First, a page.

Russia has threatened to withdraw from the Intermediate-Range Nuclear Forces treaty (INF). In this report from Washington, VOA Senior Correspondent André de Nesnera looks at the reasons behind Moscow's threat.
The INF treaty was signed in December 1987 by U.S. President Ronald Reagan and Soviet leader Mikhail Gorbachev. It entered into force in June 1988.
Steve Andreasen, former arms control expert on the National Security Council (1993-2001), says the treaty did away with a whole class of missiles.
"The Intermediate-Range Nuclear Forces treaty basically eliminated for the United States and then Soviet Union, now Russia, all nuclear and conventional ground-launched ballistic and cruise missiles in an intermediate-range band - that is 500 to 5500 kilometers," he noted. "And in fact, Washington and Moscow no longer deploy those missiles."
By May 1991, all intermediate-range missiles were destroyed. Those included on the American side, the Pershing-2, and on the Soviet side, the SS-20. The treaty also prohibited the production of such missiles.
But now Russian officials, including president Vladimir Putin, have questioned whether abiding by the INF treaty is in Moscow's security interest. Russian military officials have gone so far as threatening to withdraw from the pact.
Wade Boese from the Arms Control Association, an independent research firm, says Moscow is reassessing its commitment to the 1987 treaty, because a number of countries in Russia's neighborhood have INF-range systems.
"The Russians are concerned that it only applies to the United States and Russia - so its neighbors, such as China and others even further south such as Iran, develop ballistic missiles that Russia is forbidden from developing," he explained. "So it says that is unfair, we should reevaluate this treaty and we may have to get out of it if other countries don't also forswear these missiles."
Boese says the United States and Russia have agreed to work to get more countries to join the INF treaty.
"Now whether that means that they will seek to invite other countries to join the treaty, to make legally binding commitments or whether they will just seek pledges from other countries to forswear these missiles remains unclear," he added. "I think Russia would be happier with something that is more concrete, more legally binding. The U.S. side prefers something a little bit less formal. So it remains to be seen how this will actually play out. But Russia hasn't set a specific date for when it might withdraw from the INF treaty if its concerns are not met."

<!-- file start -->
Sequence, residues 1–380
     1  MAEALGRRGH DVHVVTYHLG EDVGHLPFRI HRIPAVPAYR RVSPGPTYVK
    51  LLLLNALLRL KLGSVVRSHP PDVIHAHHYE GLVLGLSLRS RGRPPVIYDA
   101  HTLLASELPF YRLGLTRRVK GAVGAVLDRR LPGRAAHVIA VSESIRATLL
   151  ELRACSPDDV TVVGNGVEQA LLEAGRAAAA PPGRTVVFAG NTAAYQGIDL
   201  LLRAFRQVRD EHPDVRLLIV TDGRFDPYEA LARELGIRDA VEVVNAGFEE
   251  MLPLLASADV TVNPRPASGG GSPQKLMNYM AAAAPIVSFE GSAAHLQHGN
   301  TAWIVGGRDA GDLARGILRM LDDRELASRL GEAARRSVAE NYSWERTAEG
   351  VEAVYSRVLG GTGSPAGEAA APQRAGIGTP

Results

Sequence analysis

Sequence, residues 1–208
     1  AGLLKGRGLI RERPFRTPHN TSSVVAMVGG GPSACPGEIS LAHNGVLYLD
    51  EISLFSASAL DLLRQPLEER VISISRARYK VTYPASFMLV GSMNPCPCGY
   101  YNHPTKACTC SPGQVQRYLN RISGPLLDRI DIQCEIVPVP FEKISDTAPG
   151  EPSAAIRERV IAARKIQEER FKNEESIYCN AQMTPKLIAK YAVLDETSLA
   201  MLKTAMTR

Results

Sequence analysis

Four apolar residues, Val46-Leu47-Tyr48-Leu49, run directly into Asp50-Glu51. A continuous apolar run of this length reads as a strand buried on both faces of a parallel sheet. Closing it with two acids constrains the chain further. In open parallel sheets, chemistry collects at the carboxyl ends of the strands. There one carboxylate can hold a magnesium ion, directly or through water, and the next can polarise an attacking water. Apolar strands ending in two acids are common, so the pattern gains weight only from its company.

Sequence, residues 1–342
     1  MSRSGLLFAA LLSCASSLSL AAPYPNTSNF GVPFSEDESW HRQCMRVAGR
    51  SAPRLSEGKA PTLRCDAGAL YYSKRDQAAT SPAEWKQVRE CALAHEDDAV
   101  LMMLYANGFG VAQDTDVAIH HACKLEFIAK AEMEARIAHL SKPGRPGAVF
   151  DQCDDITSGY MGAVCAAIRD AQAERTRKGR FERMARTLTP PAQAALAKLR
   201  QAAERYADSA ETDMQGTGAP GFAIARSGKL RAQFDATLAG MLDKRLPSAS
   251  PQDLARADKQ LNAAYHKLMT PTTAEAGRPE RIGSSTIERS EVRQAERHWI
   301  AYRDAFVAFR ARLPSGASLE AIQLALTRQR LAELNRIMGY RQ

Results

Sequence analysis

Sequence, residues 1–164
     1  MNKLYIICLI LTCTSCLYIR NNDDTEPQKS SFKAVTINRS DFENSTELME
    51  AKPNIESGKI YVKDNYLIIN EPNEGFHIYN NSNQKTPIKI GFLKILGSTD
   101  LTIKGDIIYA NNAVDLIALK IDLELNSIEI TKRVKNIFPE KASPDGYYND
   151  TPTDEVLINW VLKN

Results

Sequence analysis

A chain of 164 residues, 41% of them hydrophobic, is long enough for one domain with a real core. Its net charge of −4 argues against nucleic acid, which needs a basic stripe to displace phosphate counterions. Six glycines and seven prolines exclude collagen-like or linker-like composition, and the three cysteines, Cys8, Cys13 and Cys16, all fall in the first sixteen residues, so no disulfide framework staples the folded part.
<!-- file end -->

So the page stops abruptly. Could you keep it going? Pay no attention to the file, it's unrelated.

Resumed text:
Russia's threat to withdraw from the INF treaty follows its decision to suspend its participation in another key arms control accord, the 1990 Conventional Forces in Europe treaty, which limited heavy weapons deployed by the North Atlantic Treaty Organization (NATO) and the now defunct Warsaw Pact.
Many experts, including Marshall Goldman from Harvard University, say these moves by Moscow and recent strong anti-western rhetoric by senior Russian officials, indicate Moscow is becoming much more forceful in its foreign policy.
"It's amazing, because if you go back and read some of the statements that have been made just recently including senior [Russian] officials, [they say] now we don't have to take nonsense from people. We can hold our heads high. We don't have to be told what to do. And so now it's kind of reversing things, we're going to tell people, other people what to do after having been told all these years how we should behave," he explained.
Many experts believe Moscow's assertiveness and criticism of the West will continue in the months ahead as Russia enters a presidential campaign leading to elections on March 2, and strong anti-western rhetoric is always a popular theme among many Russian politicians.